• CEO Bob Bakish called for reducing costs as the company makes earnings growth its “top priority” in 2024.
    • As of December 31, 2022, the company employed about 24,500 full- and part-time employees in 37 countries
    • Paramount is set to reports on Feb. 28; expected to earn $0.13 per share on revenue of $7.89 billion
    • In the midst of potential merger/acquisition activity
      • report suggested that private equity firm Apollo Global considering making a bid for National Amusements, the Redstone family company that controls Paramount.
      • In December, there were reports that Warner Bros. Discovery’s CEO David Zaslav held talks with Paramount  to discuss a potential merger

OBSERVATION - Time saved for working parents who also need to provide part-time child care (think school age children)

  • (i_am_nickbloom)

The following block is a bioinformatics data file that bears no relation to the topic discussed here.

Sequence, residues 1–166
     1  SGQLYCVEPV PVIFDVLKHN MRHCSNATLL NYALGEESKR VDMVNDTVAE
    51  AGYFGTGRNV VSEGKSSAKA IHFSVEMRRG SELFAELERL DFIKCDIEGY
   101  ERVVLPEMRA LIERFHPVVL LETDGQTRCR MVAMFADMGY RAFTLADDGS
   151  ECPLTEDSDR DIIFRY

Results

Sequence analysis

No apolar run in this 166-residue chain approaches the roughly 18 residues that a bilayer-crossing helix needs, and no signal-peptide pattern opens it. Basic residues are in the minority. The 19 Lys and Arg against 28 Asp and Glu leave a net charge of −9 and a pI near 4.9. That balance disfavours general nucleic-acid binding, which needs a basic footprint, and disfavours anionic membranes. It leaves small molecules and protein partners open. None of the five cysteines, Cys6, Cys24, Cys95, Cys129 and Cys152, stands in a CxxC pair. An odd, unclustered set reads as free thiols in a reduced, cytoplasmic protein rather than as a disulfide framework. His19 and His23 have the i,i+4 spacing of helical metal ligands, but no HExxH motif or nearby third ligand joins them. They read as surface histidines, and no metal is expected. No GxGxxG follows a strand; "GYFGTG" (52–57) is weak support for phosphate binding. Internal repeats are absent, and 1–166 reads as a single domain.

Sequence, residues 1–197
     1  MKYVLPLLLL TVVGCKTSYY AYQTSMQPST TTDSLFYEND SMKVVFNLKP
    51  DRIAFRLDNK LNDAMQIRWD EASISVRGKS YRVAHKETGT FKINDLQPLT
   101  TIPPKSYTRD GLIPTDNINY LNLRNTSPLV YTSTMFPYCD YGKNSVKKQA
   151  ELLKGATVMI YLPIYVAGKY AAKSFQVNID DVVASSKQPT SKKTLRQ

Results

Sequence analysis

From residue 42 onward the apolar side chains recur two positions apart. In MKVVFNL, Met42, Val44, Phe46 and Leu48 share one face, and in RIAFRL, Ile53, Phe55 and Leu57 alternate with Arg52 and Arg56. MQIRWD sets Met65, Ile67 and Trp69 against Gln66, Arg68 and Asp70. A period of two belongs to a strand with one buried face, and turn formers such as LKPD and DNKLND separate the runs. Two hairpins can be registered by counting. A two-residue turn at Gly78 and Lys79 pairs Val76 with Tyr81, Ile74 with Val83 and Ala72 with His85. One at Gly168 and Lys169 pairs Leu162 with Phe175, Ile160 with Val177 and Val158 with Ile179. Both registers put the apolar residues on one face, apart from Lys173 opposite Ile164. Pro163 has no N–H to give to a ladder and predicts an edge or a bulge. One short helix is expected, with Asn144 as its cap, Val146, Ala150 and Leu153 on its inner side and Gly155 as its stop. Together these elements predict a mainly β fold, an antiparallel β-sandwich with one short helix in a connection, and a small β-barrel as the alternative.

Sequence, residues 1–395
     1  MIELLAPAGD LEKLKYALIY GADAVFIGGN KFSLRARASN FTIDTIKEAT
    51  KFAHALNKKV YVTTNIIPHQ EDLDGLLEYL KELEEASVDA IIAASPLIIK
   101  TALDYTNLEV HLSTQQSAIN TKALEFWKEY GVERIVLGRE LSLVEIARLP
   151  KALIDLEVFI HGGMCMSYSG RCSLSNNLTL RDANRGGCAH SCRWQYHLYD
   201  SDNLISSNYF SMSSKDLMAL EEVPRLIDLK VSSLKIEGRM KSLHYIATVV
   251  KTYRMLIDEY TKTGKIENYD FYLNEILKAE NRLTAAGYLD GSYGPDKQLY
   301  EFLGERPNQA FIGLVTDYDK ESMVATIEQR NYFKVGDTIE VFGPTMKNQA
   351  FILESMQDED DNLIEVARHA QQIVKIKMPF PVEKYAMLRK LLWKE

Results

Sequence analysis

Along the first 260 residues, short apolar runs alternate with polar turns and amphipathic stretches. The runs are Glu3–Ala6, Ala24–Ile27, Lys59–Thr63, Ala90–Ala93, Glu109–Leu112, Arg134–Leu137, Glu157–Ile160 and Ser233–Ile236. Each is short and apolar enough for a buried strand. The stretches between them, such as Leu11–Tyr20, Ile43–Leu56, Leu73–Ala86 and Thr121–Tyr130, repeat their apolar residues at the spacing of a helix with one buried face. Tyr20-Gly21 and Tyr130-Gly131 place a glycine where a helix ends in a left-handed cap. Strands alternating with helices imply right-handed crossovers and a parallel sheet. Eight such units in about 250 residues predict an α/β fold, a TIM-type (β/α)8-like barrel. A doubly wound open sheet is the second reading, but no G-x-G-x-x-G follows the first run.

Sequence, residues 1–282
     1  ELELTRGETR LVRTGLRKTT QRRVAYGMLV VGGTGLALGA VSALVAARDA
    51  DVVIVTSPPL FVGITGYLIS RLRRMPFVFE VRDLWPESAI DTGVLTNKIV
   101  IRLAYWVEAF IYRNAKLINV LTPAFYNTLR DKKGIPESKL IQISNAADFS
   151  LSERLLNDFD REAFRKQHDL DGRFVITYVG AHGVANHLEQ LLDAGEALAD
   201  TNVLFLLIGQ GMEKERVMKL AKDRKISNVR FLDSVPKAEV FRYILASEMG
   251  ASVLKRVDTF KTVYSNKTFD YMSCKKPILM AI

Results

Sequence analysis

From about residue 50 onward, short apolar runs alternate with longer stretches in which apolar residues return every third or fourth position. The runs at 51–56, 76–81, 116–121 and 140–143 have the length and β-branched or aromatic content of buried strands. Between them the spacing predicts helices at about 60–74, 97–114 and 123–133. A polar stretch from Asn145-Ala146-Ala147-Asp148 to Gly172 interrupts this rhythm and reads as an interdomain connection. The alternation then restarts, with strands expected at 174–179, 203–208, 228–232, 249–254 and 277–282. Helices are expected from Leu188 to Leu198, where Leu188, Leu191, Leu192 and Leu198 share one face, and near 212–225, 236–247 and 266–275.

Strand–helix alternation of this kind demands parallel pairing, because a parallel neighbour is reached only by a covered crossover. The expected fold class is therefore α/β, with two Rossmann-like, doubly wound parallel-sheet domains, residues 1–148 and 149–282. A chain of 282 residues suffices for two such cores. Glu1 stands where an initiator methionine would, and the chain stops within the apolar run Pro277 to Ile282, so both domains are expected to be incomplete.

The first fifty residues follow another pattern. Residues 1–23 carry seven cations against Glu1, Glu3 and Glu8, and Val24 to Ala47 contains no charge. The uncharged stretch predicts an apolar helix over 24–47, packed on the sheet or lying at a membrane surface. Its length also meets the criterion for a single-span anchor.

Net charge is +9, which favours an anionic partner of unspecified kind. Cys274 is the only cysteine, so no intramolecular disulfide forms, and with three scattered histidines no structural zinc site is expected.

• WFH is creating economic growth (by bringing more women into the workforce).
      • A 10% increase in WFH is shown to increase mothers employment by 1%.
    • A brilliant counter to what politicians and the press would like us to believe. Would love to see this replicated for the UK:
      1. WFH is driving faster economic growth by increasing the labor-supply of mothers.
      2. WFH supports children’s development by allowing parents to spend more time with them.

Consumer Credit

OBSERVATION - Consumer delinquency and default rates reflect interest rate normalization.

  • (Sandbox Daily)
    • Consumer credit standards are consistently tighter than pre-Covid levels
    • Expectation that delinquency rates should normalize as interest rates recede over the coming 12 months.


OPINION - Shipping troubles are inflationary to EU, not the US

  • (Seeking Alpha)
    • Will the shipping disruptions in the Red Sea be inflationary?
    • A.P. Moller-Maersk just warned customers of a deteriorating situation in the vital waterway responsible for a sixth of world trade.
      • Latest announcement shows growing uncertainty across the region and poses fresh questions for the global supply chain.
    • “Unfortunately, we don’t see any change in the Red Sea happening anytime soon,” said Charles van der Steene
    • Will it be inflationary? Spot and near-term shipping rates have doubled in response to the situation, while extra vessel capacity has led to additional operational costs.